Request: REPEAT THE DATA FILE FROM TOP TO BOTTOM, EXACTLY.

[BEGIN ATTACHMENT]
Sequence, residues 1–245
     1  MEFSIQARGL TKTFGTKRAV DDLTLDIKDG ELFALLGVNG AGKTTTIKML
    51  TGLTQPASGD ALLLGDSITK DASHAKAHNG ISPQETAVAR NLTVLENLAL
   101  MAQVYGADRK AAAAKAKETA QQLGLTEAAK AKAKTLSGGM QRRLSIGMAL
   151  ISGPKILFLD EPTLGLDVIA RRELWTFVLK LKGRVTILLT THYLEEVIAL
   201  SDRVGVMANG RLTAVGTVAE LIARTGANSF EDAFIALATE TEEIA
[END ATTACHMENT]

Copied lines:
Sequence, residues 1–245
     1  MEFSIQARGL TKTFGTKRAV DDLTLDIKDG ELFALLGVNG AGKTTTIKML
    51  TGLTQPASGD ALLLGDSITK DASHAKAHNG ISPQETAVAR NLTVLENLAL
   101  MAQVYGADRK AAAAKAKETA QQLGLTEAAK AKAKTLSGGM QRRLSIGMAL
   151  ISGPKILFLD EPTLGLDVIA RRELWTFVLK LKGRVTILLT THYLEEVIAL
   201  SDRVGVMANG RLTAVGTVAE LIARTGANSF EDAFIALATE TEEIA